Sports Center and ESPN radio’s own Scott Van Pelt called the Penn State community “a cult” Thursday afternoon on his radio show. America was outraged to see over 2,000 Penn State supporters rioting in downtown State College Wednesday night after the Paterno firing was announced. This entire scandal is getting uglier with each passing day. The Penn State supporters of Joe Paterno are brainwashed by a football coach and can not see the big picture. Somebody needs to throw some proverbial water in the face of this community, or should I say cult?
These are such poignant words with such a simplistic example. Van Pelt went on to say that most sports readers and listeners don’t listen or read “all the facts,” and added that these Penn State fans have, “selective listening issues.” No matter how much some Penn State alumni and current fans may disagree with Van Pelt’s words, I could not agree more with the ESPN anchor.
“Jerry Sandusky is the villain here! But other people need to be held accountable. Joe Paterno needed to held accountable,” said Van Pelt.
Ashton Kutcher tweeted last night, “How could you fire Joe Pa?!” The funny thing is, the actor had no idea what was going on with the Penn State situation. He opened his big mouth before he knew anything. Kutcher thought Penn State fired their legendary coach for no reason while the team is ranked No. 12 in the nation. That’s laughable. Obviously, this guy lives in a bubble to not hear about the Penn State scandal yet. It is a scary thought that somebody like him is a millionaire.
If you are watching the Penn State scandal from the outside, like most of us are, it enrages most viewers to witness the outward support for Paterno from PSU followers. How can these people continually cheer for this man amidst the lingering reports? Obviously, they are too close to the situation to understand the gigantic ramifications. But c’mon, how naive can you be?!? It saddens me that this 84-year-old man and his wife are standing on their front porch as fans adorn them last night. Meanwhile, Paterno had Sandusky on the Penn State campus in PSU gear no longer then a week ago. The whole situation makes me sick and it’s not at all about football.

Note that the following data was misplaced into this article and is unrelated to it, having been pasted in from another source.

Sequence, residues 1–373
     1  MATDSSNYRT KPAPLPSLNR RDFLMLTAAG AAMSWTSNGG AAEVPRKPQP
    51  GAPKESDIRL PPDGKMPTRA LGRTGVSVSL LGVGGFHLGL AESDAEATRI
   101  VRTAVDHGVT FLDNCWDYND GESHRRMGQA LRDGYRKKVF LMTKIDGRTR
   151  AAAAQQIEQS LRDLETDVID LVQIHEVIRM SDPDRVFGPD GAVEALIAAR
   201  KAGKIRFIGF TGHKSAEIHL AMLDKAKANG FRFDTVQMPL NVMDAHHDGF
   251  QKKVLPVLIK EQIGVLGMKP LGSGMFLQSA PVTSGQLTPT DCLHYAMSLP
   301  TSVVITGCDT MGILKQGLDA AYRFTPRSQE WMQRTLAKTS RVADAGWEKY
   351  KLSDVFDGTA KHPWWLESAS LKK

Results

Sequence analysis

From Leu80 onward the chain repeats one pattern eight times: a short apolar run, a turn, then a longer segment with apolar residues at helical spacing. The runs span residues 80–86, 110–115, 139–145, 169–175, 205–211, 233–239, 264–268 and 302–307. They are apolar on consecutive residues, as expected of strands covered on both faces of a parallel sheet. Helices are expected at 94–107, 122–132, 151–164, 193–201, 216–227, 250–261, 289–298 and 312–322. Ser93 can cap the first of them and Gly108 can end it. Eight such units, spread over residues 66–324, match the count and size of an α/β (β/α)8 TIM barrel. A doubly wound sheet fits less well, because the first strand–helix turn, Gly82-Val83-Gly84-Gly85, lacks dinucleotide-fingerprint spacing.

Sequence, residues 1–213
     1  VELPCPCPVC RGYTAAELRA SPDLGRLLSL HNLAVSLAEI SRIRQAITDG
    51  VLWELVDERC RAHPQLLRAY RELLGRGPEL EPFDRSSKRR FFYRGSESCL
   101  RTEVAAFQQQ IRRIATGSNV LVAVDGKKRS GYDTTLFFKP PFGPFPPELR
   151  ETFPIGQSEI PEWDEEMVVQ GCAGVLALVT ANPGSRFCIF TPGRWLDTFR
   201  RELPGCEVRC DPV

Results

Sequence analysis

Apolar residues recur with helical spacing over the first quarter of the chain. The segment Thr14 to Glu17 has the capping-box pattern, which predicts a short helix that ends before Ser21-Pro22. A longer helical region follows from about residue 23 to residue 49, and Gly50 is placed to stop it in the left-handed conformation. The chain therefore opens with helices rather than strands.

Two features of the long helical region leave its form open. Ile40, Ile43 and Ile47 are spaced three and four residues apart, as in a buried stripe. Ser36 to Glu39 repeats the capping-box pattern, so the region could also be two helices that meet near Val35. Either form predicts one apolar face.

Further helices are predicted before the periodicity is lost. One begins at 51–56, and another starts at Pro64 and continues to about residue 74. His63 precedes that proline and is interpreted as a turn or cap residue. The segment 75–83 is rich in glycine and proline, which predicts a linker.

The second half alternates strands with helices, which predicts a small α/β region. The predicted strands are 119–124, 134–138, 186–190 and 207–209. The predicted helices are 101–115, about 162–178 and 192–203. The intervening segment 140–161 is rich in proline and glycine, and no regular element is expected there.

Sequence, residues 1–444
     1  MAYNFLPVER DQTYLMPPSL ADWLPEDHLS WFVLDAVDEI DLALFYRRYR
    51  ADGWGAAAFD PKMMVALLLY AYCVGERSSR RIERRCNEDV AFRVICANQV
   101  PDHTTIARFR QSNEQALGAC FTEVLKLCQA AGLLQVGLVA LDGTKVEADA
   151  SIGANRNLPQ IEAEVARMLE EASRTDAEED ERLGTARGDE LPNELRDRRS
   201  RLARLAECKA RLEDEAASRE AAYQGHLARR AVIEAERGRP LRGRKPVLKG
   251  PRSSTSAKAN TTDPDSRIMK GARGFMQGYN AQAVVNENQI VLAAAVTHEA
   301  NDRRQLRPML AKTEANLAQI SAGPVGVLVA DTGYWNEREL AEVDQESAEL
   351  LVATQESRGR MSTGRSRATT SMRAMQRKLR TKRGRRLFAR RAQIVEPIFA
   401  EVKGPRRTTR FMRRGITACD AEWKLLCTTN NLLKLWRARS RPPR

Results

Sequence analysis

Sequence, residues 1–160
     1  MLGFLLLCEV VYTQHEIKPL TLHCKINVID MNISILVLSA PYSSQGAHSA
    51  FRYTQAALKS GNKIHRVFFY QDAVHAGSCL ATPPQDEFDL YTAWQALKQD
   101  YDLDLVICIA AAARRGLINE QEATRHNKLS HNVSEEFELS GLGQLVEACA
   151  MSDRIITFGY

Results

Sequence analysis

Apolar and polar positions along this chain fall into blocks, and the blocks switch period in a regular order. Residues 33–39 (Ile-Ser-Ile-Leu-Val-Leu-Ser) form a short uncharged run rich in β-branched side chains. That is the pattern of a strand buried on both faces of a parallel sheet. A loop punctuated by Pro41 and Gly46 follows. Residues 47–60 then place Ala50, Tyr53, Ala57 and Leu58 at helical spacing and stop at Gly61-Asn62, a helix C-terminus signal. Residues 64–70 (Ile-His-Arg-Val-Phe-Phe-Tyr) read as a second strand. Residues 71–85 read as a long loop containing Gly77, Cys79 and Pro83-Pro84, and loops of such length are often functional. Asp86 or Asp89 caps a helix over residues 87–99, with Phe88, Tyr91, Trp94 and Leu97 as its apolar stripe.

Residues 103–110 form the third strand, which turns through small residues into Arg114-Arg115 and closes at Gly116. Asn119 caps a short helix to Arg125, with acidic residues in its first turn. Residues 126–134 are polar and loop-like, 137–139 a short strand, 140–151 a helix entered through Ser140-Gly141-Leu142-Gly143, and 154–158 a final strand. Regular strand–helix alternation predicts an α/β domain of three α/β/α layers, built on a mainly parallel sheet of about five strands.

Penn State is said to be one of slowest acting universities in the nation, as far as reports of this magnitude go. Cooperating with the media is not a top priority for them. It is a tight-knit community that doesn’t take kindly to being embarrassed. This scandal has been a nightmare and beyond embarrassing for these people, to say the least. Joe Paterno and staff tried to cover up the situation for years. The only reason people found out about the scandal is because Penn State people committed perjury after a report was filed. Read the 23-page court testimony. This situation goes a lot deeper then the public knows. It will eventually all come out and it will floor a lot of people. The beginning for the Penn State board of trustees is cleaning house, as they have been doing the last 12 hours.
Engage this situation for a moment, if you will. If you had a friend of over 30-plus years…and an intern came and told you he saw your friend abusing boys. Would you go directly to the police? Or would you go and confront your best friend first? I believe I’d ask my friend of 30 years before I called the authorities on him. I’d have to see it with my own eyes. Don’t you think Paterno was thinking along the same lines? The first case happened in 1998. Paterno knew a great deal more then he is leading people to believe he knows.
So many people think because we, as writers, bring up football because we are horrible people. Look, as journalists we have an obligation to look at a situation at every angle. College football is a business, a profitable one at that. Therefore, we have no choice but to analyze these situations to the best of our abilities. Scott Van Pelt said it better then most, as is continually having to defend himself against callers and emailers that are outraged by his comments. Most of us feel the same, but just can not say it. I am glad Van Pelt did, and like PSU fans for Joe Pa, I will support Van Pelt in his comparisons to the cult following of Penn State University.